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Arterioscler Thromb Vasc Biol. 1996 Aug;16(8):1070-3.

Circumferential stress and matrix metalloproteinase 1 in human coronary atherosclerosis. Implications for plaque rupture.

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  • 1Department of Medicine, Brigham and Women's Hospital, Harvard Medical School, Boston, Mass.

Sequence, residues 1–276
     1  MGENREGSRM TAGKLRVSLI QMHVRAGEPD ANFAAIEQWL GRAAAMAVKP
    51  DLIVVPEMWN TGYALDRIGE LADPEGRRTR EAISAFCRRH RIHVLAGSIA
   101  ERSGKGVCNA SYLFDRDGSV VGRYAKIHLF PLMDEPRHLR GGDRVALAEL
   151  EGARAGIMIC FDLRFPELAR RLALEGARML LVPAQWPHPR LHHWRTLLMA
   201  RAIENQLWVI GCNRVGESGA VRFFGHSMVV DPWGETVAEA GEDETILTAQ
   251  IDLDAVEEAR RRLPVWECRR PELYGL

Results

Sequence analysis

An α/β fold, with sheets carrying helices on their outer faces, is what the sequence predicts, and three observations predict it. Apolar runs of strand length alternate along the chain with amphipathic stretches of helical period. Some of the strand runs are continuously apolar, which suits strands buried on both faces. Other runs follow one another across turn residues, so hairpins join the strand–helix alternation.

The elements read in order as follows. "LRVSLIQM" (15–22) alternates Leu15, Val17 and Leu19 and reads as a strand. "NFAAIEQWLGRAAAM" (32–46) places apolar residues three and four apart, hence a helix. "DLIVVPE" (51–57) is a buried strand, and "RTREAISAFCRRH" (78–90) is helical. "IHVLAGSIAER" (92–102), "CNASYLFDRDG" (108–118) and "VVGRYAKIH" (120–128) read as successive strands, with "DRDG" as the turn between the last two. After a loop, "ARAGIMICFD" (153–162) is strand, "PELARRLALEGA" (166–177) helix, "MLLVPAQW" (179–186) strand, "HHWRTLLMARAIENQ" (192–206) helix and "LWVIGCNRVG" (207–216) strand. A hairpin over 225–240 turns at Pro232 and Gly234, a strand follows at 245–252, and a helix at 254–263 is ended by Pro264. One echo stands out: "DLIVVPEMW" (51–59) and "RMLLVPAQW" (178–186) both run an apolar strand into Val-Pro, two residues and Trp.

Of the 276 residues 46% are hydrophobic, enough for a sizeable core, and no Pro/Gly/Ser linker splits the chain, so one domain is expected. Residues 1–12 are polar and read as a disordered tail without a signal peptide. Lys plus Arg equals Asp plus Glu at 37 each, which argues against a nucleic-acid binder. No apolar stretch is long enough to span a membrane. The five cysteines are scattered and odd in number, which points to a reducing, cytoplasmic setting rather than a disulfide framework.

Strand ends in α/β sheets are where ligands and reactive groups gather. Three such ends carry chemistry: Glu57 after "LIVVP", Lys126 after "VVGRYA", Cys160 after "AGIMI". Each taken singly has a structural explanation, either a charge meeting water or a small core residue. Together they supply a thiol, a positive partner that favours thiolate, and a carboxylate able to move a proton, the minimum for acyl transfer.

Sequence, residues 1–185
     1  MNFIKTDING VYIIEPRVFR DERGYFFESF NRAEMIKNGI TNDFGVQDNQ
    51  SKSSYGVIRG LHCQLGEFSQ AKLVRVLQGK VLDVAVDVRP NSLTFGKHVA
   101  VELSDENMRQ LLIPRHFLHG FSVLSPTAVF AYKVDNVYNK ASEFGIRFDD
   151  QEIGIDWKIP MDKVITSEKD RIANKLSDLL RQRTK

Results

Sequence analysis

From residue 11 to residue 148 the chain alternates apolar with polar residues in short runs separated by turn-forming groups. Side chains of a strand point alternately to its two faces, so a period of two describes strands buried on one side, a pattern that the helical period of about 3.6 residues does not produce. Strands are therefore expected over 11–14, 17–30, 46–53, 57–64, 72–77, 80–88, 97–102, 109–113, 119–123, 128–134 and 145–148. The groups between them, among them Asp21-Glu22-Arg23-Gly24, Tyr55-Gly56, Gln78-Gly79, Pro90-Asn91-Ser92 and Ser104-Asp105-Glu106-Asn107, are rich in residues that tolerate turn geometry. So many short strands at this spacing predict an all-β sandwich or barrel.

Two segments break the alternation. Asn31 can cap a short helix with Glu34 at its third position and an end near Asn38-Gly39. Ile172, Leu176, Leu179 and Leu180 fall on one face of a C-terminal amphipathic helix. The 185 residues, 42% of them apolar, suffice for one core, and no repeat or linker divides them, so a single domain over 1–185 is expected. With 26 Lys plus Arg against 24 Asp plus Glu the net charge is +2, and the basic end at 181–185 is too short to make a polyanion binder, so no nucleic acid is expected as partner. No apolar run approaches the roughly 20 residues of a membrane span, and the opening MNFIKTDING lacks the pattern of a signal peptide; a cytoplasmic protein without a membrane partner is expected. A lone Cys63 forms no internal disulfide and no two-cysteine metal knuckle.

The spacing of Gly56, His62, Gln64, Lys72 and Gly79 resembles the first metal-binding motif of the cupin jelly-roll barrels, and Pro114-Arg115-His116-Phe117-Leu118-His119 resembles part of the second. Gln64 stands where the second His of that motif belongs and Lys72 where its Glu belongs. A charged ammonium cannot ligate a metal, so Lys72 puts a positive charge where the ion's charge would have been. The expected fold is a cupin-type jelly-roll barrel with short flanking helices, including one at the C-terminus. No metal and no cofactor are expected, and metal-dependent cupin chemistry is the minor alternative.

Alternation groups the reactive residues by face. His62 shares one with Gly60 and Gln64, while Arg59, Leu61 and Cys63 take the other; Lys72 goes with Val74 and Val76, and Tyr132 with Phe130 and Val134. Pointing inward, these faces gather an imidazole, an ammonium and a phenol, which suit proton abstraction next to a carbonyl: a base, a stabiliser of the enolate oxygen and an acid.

Atherosclerotic plaque rupture may occur when regions of weakened extracellular matrix are subjected to increased mechanical stresses. Since collagen is a major determinant of extracellular matrix strength, enzymes that degrade collagen may play an important role in destabilizing the atherosclerotic lesion. To test the hypothesis that matrix metalloproteinase 1 (interstitial collagenase, or MMP-1), which initiates degradation of fibrillar collagens, colocalizes with increased stress in the fibrous cap of the atherosclerotic lesion, 12 unruptured human coronary lesions were studied. Finite-element analysis was used to determine the distribution of stress in the lesion, with estimates of material properties from previous measurements of human tissues. A computerized image analysis system was used to determine the distribution of immunoreactive MMP-1 within the fibrous tissue of the lesion. There was a significant correlation between immunoreactive MMP-1 and circumferential tensile stress in the fibrous cap within a given lesion (median Spearman rank correlation coefficient, .36; interquartile range, -.02 to .81; P < .02). Within a given lesion, the highest-stress region had twofold greater MMP-1 expression than the lowest-stress regions. In unruptured human atherosclerotic coronary lesions, overexpression of MMP-1 is associated with increased circumferential stress in the fibrous plaque. Degradation and weakening of the collagenous extracellular matrix at these critical high-stress regions may play a role in the pathogenesis of plaque rupture and acute ischemic syndromes.

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